Antero Resources Corp. v. South Jersey Resources Group, No. 18-1163 (10th Cir. 2019)

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Justia Opinion Summary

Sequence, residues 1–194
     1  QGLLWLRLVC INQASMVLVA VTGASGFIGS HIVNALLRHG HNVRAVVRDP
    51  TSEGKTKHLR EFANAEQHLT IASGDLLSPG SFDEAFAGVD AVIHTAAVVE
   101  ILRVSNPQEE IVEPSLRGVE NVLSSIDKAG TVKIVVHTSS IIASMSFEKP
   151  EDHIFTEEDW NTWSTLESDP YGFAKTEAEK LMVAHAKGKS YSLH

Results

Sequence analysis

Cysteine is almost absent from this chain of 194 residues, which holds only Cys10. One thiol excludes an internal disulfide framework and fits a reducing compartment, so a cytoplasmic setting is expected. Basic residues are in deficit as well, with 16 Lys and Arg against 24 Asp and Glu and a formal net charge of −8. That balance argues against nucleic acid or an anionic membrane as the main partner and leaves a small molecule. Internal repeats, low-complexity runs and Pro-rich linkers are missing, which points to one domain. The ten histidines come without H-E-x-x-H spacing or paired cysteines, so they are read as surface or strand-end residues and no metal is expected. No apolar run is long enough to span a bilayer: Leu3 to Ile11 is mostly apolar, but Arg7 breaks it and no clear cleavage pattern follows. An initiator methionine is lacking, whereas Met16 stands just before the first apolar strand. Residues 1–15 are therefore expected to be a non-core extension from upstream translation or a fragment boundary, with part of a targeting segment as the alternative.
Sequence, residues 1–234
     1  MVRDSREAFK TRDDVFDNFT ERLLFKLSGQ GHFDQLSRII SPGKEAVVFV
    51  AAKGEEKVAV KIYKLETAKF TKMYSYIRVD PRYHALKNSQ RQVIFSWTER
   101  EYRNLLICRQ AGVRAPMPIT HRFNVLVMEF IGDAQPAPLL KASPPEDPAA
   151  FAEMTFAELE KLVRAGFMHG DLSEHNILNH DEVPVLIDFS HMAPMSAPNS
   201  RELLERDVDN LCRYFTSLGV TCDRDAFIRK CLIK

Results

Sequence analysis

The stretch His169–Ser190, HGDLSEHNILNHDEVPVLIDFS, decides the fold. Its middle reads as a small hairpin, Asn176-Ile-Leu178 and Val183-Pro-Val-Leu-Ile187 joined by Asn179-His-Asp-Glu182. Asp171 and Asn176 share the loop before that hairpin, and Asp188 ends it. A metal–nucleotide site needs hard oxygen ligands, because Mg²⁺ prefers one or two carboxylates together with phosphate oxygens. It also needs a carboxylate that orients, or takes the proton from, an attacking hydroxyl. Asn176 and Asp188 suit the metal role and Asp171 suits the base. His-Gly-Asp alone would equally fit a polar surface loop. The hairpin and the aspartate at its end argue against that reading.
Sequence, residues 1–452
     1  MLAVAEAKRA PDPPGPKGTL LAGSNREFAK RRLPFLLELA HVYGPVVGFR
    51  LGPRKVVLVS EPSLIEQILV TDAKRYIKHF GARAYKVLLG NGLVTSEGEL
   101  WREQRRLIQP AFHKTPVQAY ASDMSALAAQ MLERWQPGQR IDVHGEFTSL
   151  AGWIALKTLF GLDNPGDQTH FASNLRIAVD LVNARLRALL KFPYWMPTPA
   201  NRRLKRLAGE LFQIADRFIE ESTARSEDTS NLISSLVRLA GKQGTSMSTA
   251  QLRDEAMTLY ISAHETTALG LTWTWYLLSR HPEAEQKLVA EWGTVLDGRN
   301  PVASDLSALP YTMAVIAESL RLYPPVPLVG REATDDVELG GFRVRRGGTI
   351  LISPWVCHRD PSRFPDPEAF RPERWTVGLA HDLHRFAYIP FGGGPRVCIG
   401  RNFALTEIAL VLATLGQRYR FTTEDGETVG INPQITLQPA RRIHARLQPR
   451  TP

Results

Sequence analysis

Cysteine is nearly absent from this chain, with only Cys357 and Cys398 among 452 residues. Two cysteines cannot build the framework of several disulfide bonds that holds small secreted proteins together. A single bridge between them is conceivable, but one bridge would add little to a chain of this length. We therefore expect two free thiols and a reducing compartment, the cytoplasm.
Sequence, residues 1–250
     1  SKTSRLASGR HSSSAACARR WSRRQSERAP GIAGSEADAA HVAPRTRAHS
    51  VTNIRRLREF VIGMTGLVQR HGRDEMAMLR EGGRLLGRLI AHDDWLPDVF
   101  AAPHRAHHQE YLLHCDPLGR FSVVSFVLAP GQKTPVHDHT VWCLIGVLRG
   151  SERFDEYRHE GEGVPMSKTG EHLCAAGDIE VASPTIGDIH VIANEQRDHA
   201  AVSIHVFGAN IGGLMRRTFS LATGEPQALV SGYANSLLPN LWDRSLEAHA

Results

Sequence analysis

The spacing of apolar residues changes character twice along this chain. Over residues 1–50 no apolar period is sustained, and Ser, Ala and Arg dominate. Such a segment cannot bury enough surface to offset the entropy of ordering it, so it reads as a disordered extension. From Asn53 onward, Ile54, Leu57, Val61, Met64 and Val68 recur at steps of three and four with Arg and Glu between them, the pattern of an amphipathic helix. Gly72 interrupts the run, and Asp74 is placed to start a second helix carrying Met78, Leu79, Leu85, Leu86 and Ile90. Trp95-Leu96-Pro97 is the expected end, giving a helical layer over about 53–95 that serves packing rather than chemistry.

Antero Resources Company and South Jersey Gas Company entered into an eight-year contract for Antero to deliver natural gas from the Marcellus Shale formation to gas meters located on the Columbia Pipeline in West Virginia. The parties tied gas pricing to the Columbia Appalachia Index.During performance of the contract, the price of natural gas linked to the Index increased. South Jersey contested the higher prices, arguing that modifications to the Index materially changed the pricing methodology, and that the Index should be replaced with one that reflected the original agreement. Antero disagreed. South Jersey then sued Antero in New Jersey state court for failing to negotiate a replacement index, and began paying a lower price based on a different index. Antero then sued South Jersey in federal district court in Colorado, where its principal place of business was located, for breach of contract for its failure to pay the Index price. The lawsuits were consolidated in Colorado and the case proceeded to trial. The jury rejected South Jersey’s claims, finding South Jersey breached the contract and Antero was entitled to $60 million damages. South Jersey argued on appeal the district court erred in denying its motion for judgment in its favor as a matter of law, or, alternatively, that the court erred in instructing the jury. After review, the Tenth Circuit affirmed, finding a reasonable jury could find South Jersey breached its contract with Antero because the Index was not discontinued nor did it materially change. Furthermore, the Court found no defects in the jury instructions.